SOUTH KINGSTOWN – The town has made its case to the Coastal Resources Management Council for its application to erect a sheet pile wall along the southern edge of Matunuck Beach Road after receiving four objections from property owners, Surfrider Foundation and Save The Bay.
The town’s response, sent to the CRMC Wednesday, Jan. 11, comes after a public meeting was held last Saturday at Matunuck Elementary School for the Matunuck community to dissipate the rumors and hear from town officials on what was being done to prevent ongoing erosion along Matunuck Beach Road.
After several public meetings and private discussions held between the CRMC and South Kingstown Town Council last year on solving the erosion crisis, in August, the town applied for a coastal assent to construct a sheet pile wall along the town’s right of way stretching 202 feet from the western boundary of the Ocean Mist. Another 350 feet would be added if the roadway is compromised. This would cost $600,000, for which the town received a grant for.
“The work proposed would strengthen the shoulder of the existing road at the south edge of the right of way, away from the coastal feature,” Town Manager Stephen Alfred said in the Jan. 11 letter to CRMC. “The town has thoroughly reviewed many alternatives in this regard and arrived at the proposed improvements as the most environmentally and economically feasible means to ensure protection of the Matunuck Beach Road infrastructure.”
A second application would allow the town to reclassify 1,272 feet of Matunuck Beach Road starting at the Matunuck Trailer Park Association and affecting 11 lots on the front seaward side of the road. The reclassification, from Type 1 coastal headlands to Type 2 manmade beach area, would only change under the town’s Special Area Management Plan to not set precedent for other parts of the state, a concern expressed by Surfrider Foundation, a local coastal conservation group. The town argues that this would allow the private property owners to protect their land.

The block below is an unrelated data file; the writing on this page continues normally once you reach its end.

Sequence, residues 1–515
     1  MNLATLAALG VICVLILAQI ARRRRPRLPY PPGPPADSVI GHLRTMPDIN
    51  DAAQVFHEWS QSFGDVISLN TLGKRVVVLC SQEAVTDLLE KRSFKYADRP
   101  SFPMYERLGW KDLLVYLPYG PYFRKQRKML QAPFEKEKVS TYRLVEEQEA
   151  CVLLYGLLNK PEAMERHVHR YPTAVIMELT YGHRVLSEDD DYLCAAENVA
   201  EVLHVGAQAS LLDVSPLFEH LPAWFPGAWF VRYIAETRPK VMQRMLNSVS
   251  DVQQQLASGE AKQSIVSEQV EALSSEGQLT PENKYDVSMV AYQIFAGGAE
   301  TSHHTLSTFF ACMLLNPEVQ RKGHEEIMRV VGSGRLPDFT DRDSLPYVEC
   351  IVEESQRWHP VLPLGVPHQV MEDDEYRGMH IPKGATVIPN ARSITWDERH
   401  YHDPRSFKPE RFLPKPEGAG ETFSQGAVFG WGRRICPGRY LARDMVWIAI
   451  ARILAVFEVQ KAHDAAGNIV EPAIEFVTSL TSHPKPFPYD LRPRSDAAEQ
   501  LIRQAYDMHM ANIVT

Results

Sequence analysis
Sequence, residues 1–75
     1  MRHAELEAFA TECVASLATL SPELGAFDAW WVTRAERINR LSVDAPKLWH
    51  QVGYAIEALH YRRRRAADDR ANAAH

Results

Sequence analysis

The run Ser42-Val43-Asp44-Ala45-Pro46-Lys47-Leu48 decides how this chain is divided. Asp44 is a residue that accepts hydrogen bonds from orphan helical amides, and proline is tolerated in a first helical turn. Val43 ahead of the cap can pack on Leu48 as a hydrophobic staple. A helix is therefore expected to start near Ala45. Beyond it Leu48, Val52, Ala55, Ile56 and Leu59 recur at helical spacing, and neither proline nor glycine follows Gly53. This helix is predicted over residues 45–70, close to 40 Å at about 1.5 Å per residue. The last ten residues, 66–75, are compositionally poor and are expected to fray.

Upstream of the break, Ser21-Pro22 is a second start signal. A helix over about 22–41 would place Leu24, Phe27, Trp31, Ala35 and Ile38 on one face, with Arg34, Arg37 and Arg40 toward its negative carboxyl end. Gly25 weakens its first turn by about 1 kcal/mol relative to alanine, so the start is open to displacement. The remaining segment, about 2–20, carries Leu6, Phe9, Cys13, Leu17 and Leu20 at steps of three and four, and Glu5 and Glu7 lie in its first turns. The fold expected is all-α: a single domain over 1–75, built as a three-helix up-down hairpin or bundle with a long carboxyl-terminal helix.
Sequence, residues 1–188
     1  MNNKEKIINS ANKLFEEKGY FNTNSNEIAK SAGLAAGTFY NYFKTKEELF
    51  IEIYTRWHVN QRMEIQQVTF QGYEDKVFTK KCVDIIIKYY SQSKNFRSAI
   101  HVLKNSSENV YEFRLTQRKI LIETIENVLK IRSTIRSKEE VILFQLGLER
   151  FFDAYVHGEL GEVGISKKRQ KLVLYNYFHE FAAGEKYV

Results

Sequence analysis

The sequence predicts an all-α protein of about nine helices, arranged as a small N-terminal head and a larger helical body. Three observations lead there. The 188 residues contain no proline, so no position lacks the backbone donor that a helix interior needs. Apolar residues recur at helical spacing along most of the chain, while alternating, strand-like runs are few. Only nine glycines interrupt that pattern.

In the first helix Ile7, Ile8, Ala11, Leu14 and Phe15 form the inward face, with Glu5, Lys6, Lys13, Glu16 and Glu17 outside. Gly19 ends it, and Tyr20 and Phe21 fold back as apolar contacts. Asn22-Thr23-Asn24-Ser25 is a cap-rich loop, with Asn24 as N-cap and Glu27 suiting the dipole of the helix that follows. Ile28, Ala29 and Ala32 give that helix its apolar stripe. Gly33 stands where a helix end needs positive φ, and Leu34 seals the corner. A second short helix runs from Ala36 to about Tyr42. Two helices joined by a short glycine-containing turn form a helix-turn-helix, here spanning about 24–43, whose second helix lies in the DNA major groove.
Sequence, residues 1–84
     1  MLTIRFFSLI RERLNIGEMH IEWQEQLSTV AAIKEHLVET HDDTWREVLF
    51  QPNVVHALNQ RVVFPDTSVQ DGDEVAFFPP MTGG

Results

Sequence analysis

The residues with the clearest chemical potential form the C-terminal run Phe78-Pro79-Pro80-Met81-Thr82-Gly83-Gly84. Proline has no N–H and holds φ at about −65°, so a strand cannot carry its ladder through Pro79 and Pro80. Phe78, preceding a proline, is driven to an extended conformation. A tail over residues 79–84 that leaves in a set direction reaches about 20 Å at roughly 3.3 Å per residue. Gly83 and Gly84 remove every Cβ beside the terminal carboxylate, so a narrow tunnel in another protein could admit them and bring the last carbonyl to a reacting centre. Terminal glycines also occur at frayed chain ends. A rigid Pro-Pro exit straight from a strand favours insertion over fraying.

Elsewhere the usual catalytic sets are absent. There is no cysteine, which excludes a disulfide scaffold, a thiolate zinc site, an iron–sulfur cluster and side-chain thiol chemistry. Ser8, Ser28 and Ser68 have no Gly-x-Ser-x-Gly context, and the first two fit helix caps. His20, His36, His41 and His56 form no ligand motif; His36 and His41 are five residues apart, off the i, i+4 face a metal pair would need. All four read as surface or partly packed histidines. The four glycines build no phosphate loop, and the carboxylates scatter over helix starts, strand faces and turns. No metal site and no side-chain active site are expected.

The four objections from property owners, bar owners at the Ocean Mist and Tara Joyce’s Family Pub and environmental advocates Save the Bay and Surfrider, only apply to the first application of a sheet pile wall. The letters were sent to the CRMC during the application’s public notification period in November. The biggest concerns among the four groups include the wall blocking access to private property, worsening erosion along the properties due to wave refraction, violations for CRMC policy for emergency assents and the need to utilize soft non-structural measures first.
However, Alfred counters each point in his response letter, stating that “the town is of the view that the correspondence items received in regards to our pending application do not raise objections that are substantive in nature. Many of the assertions therein are inaccurate, speculative or not germane to the application or any affect it may or may not have on the surrounding properties.”
In two separate letters dated Nov. 4, 2011, attorneys Burn and Levinson, representing seven property owners on the south side of Matunuck Beach Road and attorneys Blish and Cavanaugh representing the Ocean Mist and Tara Joyce’s Family Pub argue that installation of the sheet pile wall will block access to property on the south side of the road and deflect storm water and waves back onto the objectors’ properties, exacerbating erosion patterns.